NASA SBIR 2012 Solicitation
FORM B - PROPOSAL SUMMARY
||High Power Electric Propulsion Systems
||Energetic Ion Mitigation Methodology for High Power Plasma Thruster Cathodes
SMALL BUSINESS CONCERN (Firm Name, Mail Address, City/State/Zip, Phone)
ElectroDynamic Applications, Inc.
P.O. Box 131460
Ann Arbor, MI 48105 - 1570
PRINCIPAL INVESTIGATOR/PROJECT MANAGER (Name, E-mail, Mail Address, City/State/Zip, Phone)
3600 Green Court, Suite #300
Ann Arbor, MI 48105 - 1234
CORPORATE/BUSINESS OFFICIAL (Name, E-mail, Mail Address, City/State/Zip, Phone)
P.O. Box 131460
Ann Arbor, MI 48105 - 1570
Estimated Technology Readiness Level (TRL) at beginning and end of contract:
Technology Available (TAV) Subtopics
High Power Electric Propulsion Systems is a Technology Available (TAV) subtopic
that includes NASA Intellectual Property (IP). Do you plan to use
the NASA IP under the award?
TECHNICAL ABSTRACT (Limit 2000 characters, approximately 200 words)
The presence of energetic ions, that appear under high cathode current operation, stand as a showstopper to the realization of high power electric propulsion. Physical barriers such as the use of carbon electrodes (e.g. NEXT) are no longer sufficient as ion energies measured greatly exceed the sputter threshold of even carbon. Unless this problem is addressed, the prospect of inadequate life looms. The benefits of high power electric propulsion missions supporting human operations in particular would be left unfulfilled.
This effort aims to fully characterize the conditions under which energy ions occur by documenting ion energy spectra over a range of representative operating conditions. At these conditions, the effort will implement two novel methods of essentially defeating the energetic ion production mechanism: 1) magnetic shorting and 2) gas injection. While the concept of injecting gas to quench energetic ion production has been demonstrated in the past, we take the approach a step further by 1) elucidating the mechanism by which gas injection actually quenches energetic ion production and 2) implementing a novel gas applicator that would conserve propellant thereby allowing for gas implementation without a significant efficiency sacrifice. Past studies have shown that energetic ions form under conditions of high current. No satisfactory understanding of how these are formed or how to mitigate has been communicated. This effort aims to address both issues. The focus of the proposed effort directly addresses a problem that stands in the critical path for the development of high power electric propulsion. Without a solution to the energetic ion lifetime issue, it is difficult to imagine the actual implementation of high power electric propulsion for actual missions. This proposed effort aims to generate a methodology and apparatus for the elimination of energy ions in high current cathodes.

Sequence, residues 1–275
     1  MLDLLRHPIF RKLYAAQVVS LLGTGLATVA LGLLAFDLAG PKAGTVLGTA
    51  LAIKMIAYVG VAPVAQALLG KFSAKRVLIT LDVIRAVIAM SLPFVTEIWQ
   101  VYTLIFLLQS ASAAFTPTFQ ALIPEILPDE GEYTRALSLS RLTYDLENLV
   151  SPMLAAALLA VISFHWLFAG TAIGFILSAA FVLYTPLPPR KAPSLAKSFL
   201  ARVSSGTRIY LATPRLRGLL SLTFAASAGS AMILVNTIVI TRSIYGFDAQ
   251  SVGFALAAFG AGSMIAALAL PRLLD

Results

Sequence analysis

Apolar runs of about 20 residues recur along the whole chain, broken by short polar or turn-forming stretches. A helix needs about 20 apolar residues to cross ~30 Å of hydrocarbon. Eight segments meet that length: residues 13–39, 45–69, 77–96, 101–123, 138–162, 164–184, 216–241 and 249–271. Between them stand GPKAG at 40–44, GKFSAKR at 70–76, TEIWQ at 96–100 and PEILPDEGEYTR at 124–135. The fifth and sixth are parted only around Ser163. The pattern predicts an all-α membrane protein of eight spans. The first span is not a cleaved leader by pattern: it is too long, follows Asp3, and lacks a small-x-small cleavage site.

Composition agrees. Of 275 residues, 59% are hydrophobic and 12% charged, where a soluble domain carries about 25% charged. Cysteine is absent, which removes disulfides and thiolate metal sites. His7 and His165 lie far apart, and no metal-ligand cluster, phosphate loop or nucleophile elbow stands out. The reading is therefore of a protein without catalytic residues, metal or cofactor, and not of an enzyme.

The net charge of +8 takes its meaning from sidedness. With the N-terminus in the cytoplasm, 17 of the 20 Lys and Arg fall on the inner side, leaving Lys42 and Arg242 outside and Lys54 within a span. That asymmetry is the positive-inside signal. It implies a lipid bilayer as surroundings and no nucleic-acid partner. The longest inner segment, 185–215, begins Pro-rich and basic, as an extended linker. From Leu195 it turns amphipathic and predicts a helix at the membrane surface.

POTENTIAL NASA COMMERCIAL APPLICATIONS (Limit 1500 characters, approximately 150 words)
The direct application of long life, high current hollow cathodes is that of supporting NASA missions involving high power electric propulsion. This includes those high power missions, which are envisioned to support human operations in space. Under this phase I effort, contact will be made with hollow cathode stake holders to fully assess the impact of successful implementation of this technology. In particular, findings will be directly communicated to NASA. Successful embodiments will be sent to NASA for validation testing.
POTENTIAL NON-NASA COMMERCIAL APPLICATIONS (Limit 1500 characters, approximately 150 words)
The presence of energetic ions is not germane to high current cathodes though as was observed in the NSTAR long duration test. In this regard, the technology developed from this effort would also eliminate this failure mechanism for cathodes presumably over essentially all operating ranges. The technology therefore is generally applicable to Hall and ion thrusters used for government and commercial satellite station keeping. Indeed, the technology would be a life extender for commercial sector satellite makers. Commercial GSO market expects to launch of order 21 satellites per year and commercial NGSO of order 13 launches per year over the next 10 years. Electric propulsion is an onboard propulsion option for these vehicles and in this regard there is a stable market for this cathode life extension technology. The approach investigated here does not constitute a significant modification to the cathode rather it's essentially a retrofit featuring a novel, adaptable technology. This would in turn save costs to satellite venders by reducing development time of long life cathodes based on this technology proposed. Additionally, the long life cathodes can also be used in commercial materials processing application such as vacuum plasma assisted CVD coatings. Hollow cathodes are desirable for such applications because of the associated high plasma densities.
TECHNOLOGY TAXONOMY MAPPING (NASA's technology taxonomy has been developed by the SBIR-STTR program to disseminate awareness of proposed and awarded R/R&D in the agency. It is a listing of over 100 technologies, sorted into broad categories, of interest to NASA.)
Spacecraft Main Engine
Form Generated on 03-28-13 15:21